Congress ended treaty-making with Indian tribes in 1871. Since then, relations with Indian groups are by Congressional acts, Executive Orders, and Executive Agreements. Between 1788, when the first treaty was made with the Delawares, to 1871, when Congress ended the treaty-making period, the U.S. Senate ratified 370 Indian treaties. At least 45 others were negotiated with tribes but were never ratified by the Senate.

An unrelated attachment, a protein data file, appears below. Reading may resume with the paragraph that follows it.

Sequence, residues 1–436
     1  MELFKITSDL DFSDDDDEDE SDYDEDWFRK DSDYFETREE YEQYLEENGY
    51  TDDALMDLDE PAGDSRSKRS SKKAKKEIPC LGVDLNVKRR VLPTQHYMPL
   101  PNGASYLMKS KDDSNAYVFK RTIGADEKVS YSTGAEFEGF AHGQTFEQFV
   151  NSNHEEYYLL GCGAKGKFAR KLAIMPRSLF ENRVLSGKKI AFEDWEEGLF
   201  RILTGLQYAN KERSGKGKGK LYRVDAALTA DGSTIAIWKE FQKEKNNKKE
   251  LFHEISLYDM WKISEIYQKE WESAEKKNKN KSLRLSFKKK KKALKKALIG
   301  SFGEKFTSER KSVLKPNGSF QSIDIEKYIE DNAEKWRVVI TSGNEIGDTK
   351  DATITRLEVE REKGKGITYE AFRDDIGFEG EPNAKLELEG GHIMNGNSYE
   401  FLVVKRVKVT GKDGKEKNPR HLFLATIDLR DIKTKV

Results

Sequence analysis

The treaties that were made often contain obsolete commitments, which have either been fulfilled or superseded by Congressional legislation. The provision of education, health, welfare, and other services by the government to tribes often has extended beyond treaty requirements. A number of large Indian groups have no treaties, yet share in the many services for Indians provided by the Federal Government.